Summer Primer with Rebekah Peppler
Jacobsen Salt Co.
Aug 07, 2023
During a recent month spent in Mexico City my partner and I fell into a routine. Tuesdays: café de olla and flautas at Comal Oculto. Thursdays: a stop for her (Laila is from CDMX) favorite jugo de guayaba on the corner of Medellin and Avenida Insurgentes Sur. Saturdays: micheladas with friends. Sunday mornings: a walk to the Mercado el 100 a weekly open-air, all-organic market in Roma where, hence the name, everything sold must be from within a 100-mile radius. After a quick stop for tlacoyos and another for coffee, we lingered at the fruit stand: smooth-skinned, green to yellow ombre papayas, tender-skinned starfruit, fragrant mangos, tiny avocados, bright handfuls of limes.
Inspired by the vendors selling fresh fruit cut to order and seasoned with lime, salt, chile, and/or chamoy, we brought them back to our rented apartment, snagging jars of Infused Habanero Salt and Infused Lemon Zest Salt on the way up to the rooftop. (One thing about me is I will travel with good salt). Once settled, we squeezed lime halves over sliced fruit and finished with salt.
Words, Recipe and Food Styling by: Rebekah Peppler
Photos by: Laila Said
Salt amplifies flavor. With an added pinch, ripe fruit tastes even more deeply of itself and any bitterness lingering in the not-quite-ripe is softened. Classic flaky sea salt is always an excellent choice and salts infused with spice or citrus add additional layers of flavor—while still allowing the ripe fruit to shine through.
You can—and should—salt a wide variety of fruits. Melons like cantaloupe, honeydew, and watermelon. Stone fruits such as peaches or apricots or nectarines. Pineapples, papayas, starfruit. Add a pinch to roasted fruit or on top of a paleta or into a paloma. But if you have to choose just one for your afternoon snack, my go-to is the mango.
To ChooseMangos are edible at most stages of ripeness, their flavor and sweetness changing as they soften. To choose the right mango for this snack preparation, you want a ripe but still firm mango. Most, though not all, mango varieties will shift in color from green to shades of yellow or orange. Since some mango varieties don’t change color as they ripen, I worry less about what color it is and more about how it feels. Pick it up and use your fingers to gently press on the mango—it shouldn’t be super hard but rather give slightly when squeezed (kind of like when you choose a peach or avocado). Then smell near its stem. If the mango is indeed ripe, it’ll be very, very aromatic. (Another exception to this rule is the Ataulfo which may not be super fragrant when fully ripe but will become wrinkly.) If your mango isn’t quite ready, wait a day or two storing your mangoes at room temperature. If you want them to ripen faster, tuck them in a paper bag or cover them with a kitchen towel. Should your find yourself with a glut of ripe mangoes all at the same time and you want to save a few for later, store in the fridge for up to five days.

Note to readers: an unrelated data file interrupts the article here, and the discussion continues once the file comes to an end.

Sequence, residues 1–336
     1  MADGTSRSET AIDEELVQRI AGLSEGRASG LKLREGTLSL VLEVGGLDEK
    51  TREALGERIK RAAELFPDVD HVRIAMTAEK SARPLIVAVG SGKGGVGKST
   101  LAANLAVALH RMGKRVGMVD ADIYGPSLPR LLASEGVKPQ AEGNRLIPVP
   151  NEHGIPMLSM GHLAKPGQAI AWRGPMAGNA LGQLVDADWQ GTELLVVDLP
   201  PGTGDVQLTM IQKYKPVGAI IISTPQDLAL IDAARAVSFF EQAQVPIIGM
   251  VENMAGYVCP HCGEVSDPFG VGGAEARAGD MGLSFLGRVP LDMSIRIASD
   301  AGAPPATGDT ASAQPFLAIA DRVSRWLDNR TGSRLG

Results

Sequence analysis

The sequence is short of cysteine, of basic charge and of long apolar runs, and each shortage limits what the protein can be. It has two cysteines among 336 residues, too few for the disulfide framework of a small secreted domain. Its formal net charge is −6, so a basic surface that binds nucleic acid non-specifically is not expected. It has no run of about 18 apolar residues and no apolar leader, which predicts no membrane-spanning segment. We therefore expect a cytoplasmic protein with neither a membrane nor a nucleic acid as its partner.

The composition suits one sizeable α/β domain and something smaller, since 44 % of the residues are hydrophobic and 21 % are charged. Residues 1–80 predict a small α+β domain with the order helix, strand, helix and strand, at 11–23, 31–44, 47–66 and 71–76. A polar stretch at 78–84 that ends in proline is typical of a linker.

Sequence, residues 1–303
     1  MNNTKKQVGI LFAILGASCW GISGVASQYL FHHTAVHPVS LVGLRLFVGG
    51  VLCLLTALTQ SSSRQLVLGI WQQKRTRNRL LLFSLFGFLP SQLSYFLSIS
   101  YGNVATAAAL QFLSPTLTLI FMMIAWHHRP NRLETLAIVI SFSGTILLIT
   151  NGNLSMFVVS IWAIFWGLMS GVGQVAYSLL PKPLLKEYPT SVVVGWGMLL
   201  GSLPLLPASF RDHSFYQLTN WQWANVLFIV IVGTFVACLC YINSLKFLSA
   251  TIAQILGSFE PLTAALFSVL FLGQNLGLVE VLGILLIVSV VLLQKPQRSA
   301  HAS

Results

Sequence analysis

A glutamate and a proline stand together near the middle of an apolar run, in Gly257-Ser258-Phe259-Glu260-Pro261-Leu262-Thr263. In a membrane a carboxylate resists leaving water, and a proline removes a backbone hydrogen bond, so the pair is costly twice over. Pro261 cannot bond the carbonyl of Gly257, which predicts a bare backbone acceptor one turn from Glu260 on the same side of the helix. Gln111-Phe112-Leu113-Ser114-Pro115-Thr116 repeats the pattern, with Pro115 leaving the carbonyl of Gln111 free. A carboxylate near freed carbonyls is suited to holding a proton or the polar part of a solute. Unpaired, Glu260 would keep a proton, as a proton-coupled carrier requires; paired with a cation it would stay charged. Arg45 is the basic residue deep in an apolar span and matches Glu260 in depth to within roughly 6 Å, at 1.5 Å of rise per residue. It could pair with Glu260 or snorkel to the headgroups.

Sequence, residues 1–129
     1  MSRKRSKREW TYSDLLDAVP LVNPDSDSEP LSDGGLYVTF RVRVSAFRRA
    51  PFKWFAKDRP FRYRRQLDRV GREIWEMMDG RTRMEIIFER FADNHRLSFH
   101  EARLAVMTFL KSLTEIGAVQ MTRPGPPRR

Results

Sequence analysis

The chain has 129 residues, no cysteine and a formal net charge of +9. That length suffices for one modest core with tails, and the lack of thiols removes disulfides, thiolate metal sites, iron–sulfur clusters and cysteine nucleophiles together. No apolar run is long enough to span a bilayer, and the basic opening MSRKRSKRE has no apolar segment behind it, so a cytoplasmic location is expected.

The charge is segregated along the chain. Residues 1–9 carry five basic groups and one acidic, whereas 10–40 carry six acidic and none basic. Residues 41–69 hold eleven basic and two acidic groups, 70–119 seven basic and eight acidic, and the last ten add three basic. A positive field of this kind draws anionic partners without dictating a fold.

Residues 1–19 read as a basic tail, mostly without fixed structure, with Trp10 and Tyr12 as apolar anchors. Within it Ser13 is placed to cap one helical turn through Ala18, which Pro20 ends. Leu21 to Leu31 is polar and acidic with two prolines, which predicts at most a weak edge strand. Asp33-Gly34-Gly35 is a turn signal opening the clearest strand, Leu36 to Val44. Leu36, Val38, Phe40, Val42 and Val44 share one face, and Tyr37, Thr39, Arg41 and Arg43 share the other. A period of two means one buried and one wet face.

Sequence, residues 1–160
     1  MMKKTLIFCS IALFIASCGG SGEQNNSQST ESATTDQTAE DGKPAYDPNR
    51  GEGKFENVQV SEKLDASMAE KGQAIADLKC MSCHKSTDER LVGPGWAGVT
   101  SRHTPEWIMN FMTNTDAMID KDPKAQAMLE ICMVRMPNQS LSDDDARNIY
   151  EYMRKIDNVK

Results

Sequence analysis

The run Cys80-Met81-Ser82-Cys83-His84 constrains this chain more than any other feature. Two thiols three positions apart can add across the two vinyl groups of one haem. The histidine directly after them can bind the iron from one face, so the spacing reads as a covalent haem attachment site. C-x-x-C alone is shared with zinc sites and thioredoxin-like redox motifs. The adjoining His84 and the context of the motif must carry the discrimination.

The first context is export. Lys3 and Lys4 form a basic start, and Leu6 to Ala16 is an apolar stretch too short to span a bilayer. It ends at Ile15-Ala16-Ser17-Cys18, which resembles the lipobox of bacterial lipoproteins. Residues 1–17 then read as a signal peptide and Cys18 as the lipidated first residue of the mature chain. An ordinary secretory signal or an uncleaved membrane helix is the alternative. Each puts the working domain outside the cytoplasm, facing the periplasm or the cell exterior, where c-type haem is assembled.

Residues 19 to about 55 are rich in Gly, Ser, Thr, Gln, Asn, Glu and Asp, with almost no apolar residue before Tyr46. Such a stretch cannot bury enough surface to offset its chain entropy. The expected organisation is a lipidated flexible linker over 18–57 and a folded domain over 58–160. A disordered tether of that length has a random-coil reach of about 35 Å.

To CutMost mango varieties have a flat, elongated seed in the center. To cut, slice off each thicker side of the fruit lengthwise, on the other side of the pit. Use a small, sharp knife to score each half lengthwise and crosswise into a crosshatch pattern, cutting through the flesh but taking care not to cut through the peel. Invert each half so the cubes press out. If you like, you can then use the knife to shave off the cubes or serve and eat directly from the skin. Cut away any remaining flesh from the seed, remove and discard the peel, and slice into pieces.
To FinishHalve a lime and squeeze the juice overtop then sprinkle with your chosen salt and enjoy.